Spago Nanomedical has received regulatory approval to initiate a Phase IIa clinical study with its MRI contrast agent SN132D in endometriosis.
Patient recruitment has started, and the first patient is expected to be dosed shortly. The ongoing SPAGOPIX-01 study in breast cancer has now been concluded and a final report is in preparation, states the company.
“We are very pleased that SPAGOPIX-01 meets the primary objectives set out for the study and that the results with SpagoPix in breast cancer provide a clinical validation of our nanomedical platform. Based on ongoing discussions with potential partners and experts in the field, we have decided to focus our resources within the SpagoPix program on endometriosis, a severely undertreated disease affecting up to 10 percent of women of reproductive age,” says Mats Hansen, CEO at Spago Nanomedical. “Endometriosis represents a very large indication of major unmet medical need for better imaging diagnostics which current contrast agents and other diagnostics are not able to fulfill.”
About the trial
The Phase IIa clinical trial in endometriosis is an open label, proof-of-concept study concerning efficacy of the novel intravenous contrast agent SN132D in patients with suspected endometriosis. The study will include up to 18 patients and led by Associate Professor Dr. Ligita Jokubkiene, Senior Consultant at the Department of Obstetrics and Gynecology at Skåne University Hospital in Malmö, Sweden.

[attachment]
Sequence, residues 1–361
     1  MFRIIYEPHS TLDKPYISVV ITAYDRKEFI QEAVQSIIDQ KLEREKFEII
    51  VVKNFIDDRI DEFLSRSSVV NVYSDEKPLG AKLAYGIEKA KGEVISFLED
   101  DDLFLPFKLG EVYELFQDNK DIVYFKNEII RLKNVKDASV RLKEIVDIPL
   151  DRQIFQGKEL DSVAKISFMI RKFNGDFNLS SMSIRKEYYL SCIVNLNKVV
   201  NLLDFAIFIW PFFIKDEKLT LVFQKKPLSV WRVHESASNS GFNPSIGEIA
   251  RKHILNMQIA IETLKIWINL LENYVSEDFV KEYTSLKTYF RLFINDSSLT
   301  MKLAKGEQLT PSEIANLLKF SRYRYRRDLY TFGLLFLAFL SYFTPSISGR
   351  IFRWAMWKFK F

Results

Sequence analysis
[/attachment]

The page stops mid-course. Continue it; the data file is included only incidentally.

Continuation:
The study will evaluate the safety and MRI enhancing properties of SN132D in participants with suspected endometriosis. Comparisons will be made to transvaginal ultrasound and conventional MRI in order to consider the diagnostic potential of SN132D in endometriosis.
The SPAGOPIX-01 study in breast cancer
The SPAGOPIX-01 study in breast cancer was conducted at two hospitals in Sweden with the primary objective of studying safety at different doses of SN132D. A total of 14 patients with confirmed breast cancer were enrolled and dosed. The initial results from the study will be presented at the 2022 San Antonio Breast Cancer Symposium and the final report of the study is in preparation.
Photo: Spago Nanomedical